For example, the Trust Evaluation framework enables leaders to more efficiently and strategically understand and build trust with those around them, rather than waste time and headspace trying to work out how to improve the performance of a direct report, influence their team or reach out to a distant boss or peer. This means leaders assist others to get the results and experiences they want to ensure they’re operating in a more sophisticated and optimal brain state.
5. Generating Lacklustre or Inconsistent Results
It’s not uncommon to find teams or departments who have been performing below standard for years, yet other departments work hard to pick up the slack and have begrudgingly come to terms with not expecting too much. Generally, if the leader or other team members are poor performers it gives license to others to perform below standard. If there is one thing that causes distrust in an organisation, it’s when employees are allowed to continue working, even though their performance is dragging everyone down around them. Often, the leader and company become the scapegoats because they haven’t done anything to remove the offender.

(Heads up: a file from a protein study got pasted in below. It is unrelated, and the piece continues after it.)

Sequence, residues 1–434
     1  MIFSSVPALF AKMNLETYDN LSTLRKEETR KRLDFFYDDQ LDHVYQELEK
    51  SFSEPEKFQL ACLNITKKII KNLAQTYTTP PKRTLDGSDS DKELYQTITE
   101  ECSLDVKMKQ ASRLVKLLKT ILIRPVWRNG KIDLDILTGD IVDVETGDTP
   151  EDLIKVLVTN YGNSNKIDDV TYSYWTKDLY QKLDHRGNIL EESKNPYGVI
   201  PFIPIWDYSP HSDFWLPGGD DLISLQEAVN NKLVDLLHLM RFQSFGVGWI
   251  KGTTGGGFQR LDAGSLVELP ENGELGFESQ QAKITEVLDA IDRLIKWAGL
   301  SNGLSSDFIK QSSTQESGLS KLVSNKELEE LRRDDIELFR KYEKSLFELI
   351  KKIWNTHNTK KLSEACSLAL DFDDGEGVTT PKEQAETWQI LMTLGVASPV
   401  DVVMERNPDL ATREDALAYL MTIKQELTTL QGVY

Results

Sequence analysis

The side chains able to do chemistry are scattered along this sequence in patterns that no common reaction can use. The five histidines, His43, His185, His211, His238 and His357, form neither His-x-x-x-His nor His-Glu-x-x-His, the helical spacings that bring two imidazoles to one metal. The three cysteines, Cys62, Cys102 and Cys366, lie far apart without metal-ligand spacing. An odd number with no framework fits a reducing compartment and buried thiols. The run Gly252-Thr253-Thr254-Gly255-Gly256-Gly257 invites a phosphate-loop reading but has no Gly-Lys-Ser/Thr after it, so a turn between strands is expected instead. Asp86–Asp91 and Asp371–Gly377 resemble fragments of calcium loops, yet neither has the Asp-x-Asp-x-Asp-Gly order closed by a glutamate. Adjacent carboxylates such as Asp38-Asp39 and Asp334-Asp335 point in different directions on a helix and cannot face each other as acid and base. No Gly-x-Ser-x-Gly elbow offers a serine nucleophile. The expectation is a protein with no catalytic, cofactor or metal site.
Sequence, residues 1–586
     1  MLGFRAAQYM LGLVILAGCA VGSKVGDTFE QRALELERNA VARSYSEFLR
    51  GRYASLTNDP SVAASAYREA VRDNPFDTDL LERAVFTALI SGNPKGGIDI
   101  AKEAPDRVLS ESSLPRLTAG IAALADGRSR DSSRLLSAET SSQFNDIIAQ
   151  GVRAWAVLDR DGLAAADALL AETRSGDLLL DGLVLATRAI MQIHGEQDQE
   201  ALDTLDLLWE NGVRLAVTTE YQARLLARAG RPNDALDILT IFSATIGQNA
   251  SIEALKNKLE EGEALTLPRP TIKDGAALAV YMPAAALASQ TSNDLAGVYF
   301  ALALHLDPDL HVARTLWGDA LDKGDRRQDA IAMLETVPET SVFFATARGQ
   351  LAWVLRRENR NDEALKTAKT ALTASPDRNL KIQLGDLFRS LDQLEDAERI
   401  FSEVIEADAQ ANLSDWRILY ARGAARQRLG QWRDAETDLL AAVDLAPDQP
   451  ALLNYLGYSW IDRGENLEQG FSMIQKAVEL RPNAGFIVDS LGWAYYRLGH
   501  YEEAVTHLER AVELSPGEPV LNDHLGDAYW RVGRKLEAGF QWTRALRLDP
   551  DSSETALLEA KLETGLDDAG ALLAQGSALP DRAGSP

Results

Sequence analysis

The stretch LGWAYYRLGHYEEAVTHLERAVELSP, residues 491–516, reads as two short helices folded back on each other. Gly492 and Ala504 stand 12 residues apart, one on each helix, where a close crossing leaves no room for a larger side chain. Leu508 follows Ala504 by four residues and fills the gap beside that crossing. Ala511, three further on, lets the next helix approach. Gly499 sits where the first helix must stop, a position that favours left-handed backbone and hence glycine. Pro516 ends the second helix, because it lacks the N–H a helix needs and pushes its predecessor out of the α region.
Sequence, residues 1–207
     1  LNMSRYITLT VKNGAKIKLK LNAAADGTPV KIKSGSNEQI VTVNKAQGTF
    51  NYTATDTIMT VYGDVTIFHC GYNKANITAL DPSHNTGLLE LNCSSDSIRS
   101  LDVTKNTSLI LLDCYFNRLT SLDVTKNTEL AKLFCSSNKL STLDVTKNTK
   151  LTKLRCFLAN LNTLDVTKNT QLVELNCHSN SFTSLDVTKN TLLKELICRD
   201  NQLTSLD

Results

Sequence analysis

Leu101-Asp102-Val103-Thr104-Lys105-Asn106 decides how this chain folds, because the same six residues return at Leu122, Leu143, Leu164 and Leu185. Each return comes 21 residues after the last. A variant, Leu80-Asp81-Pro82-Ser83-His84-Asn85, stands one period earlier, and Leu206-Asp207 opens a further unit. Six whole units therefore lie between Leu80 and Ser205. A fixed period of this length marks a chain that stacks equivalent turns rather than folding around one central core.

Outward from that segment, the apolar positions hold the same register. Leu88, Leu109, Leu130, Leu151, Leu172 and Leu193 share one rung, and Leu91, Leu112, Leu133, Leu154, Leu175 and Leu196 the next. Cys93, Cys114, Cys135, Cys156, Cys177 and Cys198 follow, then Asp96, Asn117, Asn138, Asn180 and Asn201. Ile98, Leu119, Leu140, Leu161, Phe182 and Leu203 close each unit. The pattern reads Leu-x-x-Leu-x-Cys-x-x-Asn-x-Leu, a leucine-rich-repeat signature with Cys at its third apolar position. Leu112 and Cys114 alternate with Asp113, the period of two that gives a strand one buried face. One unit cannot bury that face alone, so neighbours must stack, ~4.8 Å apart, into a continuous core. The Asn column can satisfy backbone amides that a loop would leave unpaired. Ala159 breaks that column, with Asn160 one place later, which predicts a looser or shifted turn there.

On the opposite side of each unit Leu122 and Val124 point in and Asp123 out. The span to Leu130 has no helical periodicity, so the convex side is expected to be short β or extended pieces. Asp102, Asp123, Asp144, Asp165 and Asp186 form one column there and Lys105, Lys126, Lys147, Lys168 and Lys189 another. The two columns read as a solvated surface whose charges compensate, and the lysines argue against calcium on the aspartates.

In this environment, you’ll find that people aren’t working at their full capacity and are often a bit bored and disengaged. Most likely, their confidence and their ability to see their potential have been crushed. Yet, introducing the concept of being a high performing team can be unsettling and a bit scary.
To improve performance, leaders need to increase certainty by focusing team members on the outcomes they want to produce. This moves everyone into a more resourceful and positive brain state. As results start to be achieved, team members become more confident in their abilities and the team. It triggers the reward centre of the brain, where people become more eager to achieve and can start to see a more positive future. It creates a virtuous cycle of goal-kicking.